Along with the myth that Bush is a popular president, perpetuating the myth that people enjoy being lied to is dangerous.

Ben Scott

San Francisco, CA

As the NewsHour Goes

Nice column, but I am uncomfortable with Knute Berger's premise that PBS NewsHour is boring, oatmeal, etc., and should make the news more interesting [Mossback, ""Bush's Broadcast Barbarians," June 22].

I've been working in print and broadcast journalism, off and on, since the 1970s. Bottom line re Berger's column is this: I place a very high value on the privilege, via the PBS NewsHour, of hearing knowledgeable people, including some who clearly have biases and agendas to push, allowed to speak at length while being interviewed by tenacious news people. When do you ever hear any of the big network droids tell a senator or a prime minister to answer the question when they launch into a set response? Margaret Warner gets visibly miffed when that happens, and snaps at them all. So does Jeffrey Brown.

I work now for CBS Radio (news), and let me tell you, if the NewsHour goes, so goes the nation. Sure, some of the stuff on the NewsHour is (in my opinion) forgettable, but I'd say 80 percent of it is important stuff. If the increasing cadre of know-nothings in our culture don't like it, to hell with them.

I consider the NewsHour the closest thing to a genuine briefing I'm going to get. And who the hell else has the decency to regularly honor the dead in Iraq with photographs and names? Not one network. I work inside the for-profit media, and I have to tell you: You don't want to go for more "entertaining" news. Do Americans have to be entertained every goddamned minute of the day? If so, we're lost.

Mark Miller

Los Angeles, CA

The Socialist Option

I read George Howland Jr.'s article on the City Council election ["Nice While It Lasted," June 22], looking in vain for information on Linda Averill, Freedom Socialist candidate against Jan Drago. I voted for Averill in 2003 and am excited that she stands for abortion rights, child-care funding, and taxing corporations to pay for schools and job training, and is outspoken against the war in Iraq. A woman after my own heart!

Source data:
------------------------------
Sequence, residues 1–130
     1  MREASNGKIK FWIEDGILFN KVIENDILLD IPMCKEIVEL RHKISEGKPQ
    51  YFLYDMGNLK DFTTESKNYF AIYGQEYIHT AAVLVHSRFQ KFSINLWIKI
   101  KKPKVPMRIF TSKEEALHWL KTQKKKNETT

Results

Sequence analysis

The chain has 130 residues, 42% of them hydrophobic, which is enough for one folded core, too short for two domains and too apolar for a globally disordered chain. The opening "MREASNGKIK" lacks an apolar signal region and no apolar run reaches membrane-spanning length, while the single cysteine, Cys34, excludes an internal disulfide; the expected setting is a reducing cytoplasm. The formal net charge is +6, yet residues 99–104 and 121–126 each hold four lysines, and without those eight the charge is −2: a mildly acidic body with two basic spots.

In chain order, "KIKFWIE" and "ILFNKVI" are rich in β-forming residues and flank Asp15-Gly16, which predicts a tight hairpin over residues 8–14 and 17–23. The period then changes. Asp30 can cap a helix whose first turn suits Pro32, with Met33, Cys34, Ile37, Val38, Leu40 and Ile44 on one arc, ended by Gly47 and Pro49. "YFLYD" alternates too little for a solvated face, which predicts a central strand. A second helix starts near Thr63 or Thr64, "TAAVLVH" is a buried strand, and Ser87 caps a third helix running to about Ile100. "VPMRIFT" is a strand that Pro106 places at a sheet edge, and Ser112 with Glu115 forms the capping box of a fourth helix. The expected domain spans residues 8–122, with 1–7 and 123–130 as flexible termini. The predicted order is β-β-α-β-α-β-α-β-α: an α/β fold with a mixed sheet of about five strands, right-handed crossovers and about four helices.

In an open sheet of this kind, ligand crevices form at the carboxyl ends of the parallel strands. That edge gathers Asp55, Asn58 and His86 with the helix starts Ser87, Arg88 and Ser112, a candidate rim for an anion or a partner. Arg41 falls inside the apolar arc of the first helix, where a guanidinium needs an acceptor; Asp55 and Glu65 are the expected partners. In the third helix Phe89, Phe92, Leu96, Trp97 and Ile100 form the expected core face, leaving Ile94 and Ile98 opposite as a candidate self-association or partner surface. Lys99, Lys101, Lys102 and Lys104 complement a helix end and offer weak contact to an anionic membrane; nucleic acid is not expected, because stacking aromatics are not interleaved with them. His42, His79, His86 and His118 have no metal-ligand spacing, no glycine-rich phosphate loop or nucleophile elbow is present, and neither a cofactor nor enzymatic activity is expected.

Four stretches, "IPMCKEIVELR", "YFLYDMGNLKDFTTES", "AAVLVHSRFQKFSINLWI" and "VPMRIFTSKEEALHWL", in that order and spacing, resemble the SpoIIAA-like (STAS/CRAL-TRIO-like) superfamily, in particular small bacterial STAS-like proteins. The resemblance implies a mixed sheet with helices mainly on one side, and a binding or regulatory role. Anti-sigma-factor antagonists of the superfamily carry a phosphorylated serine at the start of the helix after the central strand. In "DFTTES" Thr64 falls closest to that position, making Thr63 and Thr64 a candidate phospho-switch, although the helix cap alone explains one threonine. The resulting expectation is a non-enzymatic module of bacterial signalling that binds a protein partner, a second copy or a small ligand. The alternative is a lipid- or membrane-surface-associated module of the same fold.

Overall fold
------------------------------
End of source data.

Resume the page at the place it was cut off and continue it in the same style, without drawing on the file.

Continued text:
But I'd never know any of this from his article. Howland has a responsibility to let readers know who the candidates are and what they stand for, not dismiss those he deems not viable. Let your readers be the judge of that.

Margaret Viggiani


Is Bach 'Lite'?

Andrew Engelson's review of the current exhibit at the Bellevue Arts Museum reveals once more his deficiency as an art critic ["Teapot Home," June 22]. Engelson seems to think that social comment is the only valid art form and chides Michael Monroe for exhibiting "high-quality art that offends no one." I agree that art has had and still has a role of pushing us into deeper thought about current and historic issues. Yet we should not ignore aesthetics as Engelson does regularly. To take Engelson's view of art is like saying, "I consider Bach as music-lite."

One should not ignore the value art has in delighting us with stimulating visual qualities, completely apart from the literal message. The exhibits at BAM may be "lite" on social content (although I'd suggest Engelson take another look at the teapots). The exhibits are not lite on aesthetics. I found the work in all three shows visually provocative.

Robert S. Purser